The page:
The battle bolstered badly sagging Union morale.
The spirits of a war-weary North had reached a low ebb at the beginning of the summer of 1863. The Union had endured a string of losses, and now Lee had brought the war to their territory. A loss at Gettysburg could have devastated Union morale and pressured the Lincoln administration to negotiate a peace that would have resulted in two nations. Linked with news of the victory at Vicksburg on July 4, however, Gettysburg renewed public support for the war. Davis called Gettysburg the “most eventful struggle of the war” because “by it the drooping spirit of the North was revived.”
Gettysburg ended Confederate enslavement of free blacks from the North.
Thousands of slaves served in support roles for the Army of Northern Virginia, and as Lee’s army marched north into Pennsylvania, they seized as many as 500 African-Americans—some former slaves, some free their entire lives—and brought them back to Virginia to be sold into slavery. One resident of Chambersburg, Pennsylvania, reported seeing some of the town’s African Americans “driven by just like we would drive cattle,” and at least one Confederate brigade threatened to burn down any Union house that harbored a fugitive slave.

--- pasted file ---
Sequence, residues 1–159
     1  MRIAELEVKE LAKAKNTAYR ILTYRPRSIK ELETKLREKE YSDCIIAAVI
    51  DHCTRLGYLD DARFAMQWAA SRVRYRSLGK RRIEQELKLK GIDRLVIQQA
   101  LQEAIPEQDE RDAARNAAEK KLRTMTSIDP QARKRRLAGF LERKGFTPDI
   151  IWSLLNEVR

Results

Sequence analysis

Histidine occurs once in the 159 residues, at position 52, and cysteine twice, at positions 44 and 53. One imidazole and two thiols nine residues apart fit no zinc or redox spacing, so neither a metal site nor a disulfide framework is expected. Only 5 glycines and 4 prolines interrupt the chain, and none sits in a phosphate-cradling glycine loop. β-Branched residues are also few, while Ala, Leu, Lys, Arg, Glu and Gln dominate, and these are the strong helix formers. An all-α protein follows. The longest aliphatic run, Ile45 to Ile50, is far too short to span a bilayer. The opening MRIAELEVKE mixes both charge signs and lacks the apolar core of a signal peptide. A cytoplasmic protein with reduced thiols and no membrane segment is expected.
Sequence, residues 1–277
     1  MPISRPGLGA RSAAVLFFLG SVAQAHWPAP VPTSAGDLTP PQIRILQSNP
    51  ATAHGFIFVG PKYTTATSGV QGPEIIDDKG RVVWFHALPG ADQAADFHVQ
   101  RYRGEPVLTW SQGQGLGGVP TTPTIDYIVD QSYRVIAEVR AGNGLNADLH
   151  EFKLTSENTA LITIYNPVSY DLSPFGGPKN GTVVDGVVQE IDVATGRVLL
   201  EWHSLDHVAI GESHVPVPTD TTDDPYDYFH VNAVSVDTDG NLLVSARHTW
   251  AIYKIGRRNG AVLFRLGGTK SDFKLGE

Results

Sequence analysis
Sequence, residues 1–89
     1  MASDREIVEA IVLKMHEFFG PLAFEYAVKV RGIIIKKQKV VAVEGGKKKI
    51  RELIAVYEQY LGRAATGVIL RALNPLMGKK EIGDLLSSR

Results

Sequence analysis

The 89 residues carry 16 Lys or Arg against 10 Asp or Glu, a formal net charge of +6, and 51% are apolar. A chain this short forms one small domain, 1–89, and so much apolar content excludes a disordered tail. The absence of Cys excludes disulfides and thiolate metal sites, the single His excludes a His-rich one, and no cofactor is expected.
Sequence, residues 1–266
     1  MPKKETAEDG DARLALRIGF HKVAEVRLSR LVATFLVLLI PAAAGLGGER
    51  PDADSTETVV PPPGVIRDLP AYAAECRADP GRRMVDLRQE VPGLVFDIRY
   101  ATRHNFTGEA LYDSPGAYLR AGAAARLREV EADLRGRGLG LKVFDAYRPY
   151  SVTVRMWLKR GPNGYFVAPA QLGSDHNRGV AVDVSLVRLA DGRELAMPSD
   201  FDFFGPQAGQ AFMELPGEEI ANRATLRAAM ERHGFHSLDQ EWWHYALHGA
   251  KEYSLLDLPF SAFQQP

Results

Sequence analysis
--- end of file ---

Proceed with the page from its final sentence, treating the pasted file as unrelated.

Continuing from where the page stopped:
The battle led to the Gettysburg Address in which Lincoln redefined the Civil War as a struggle for freedom and democracy.
Land preservation efforts began immediately after the Battle of Gettysburg and resulted in a national cemetery, consecrated by Lincoln on November 19, 1863. In a mere 272 words, Lincoln’s Gettysburg Address recast the war as not merely a struggle to maintain the Union, but as a battle for larger human ideals. Lincoln called for “a new birth of freedom” and asserted that the survival of democracy itself was at stake. He told his countrymen that the task remaining was to ensure “that government of the people, by the people, for the people, shall not perish from the earth.”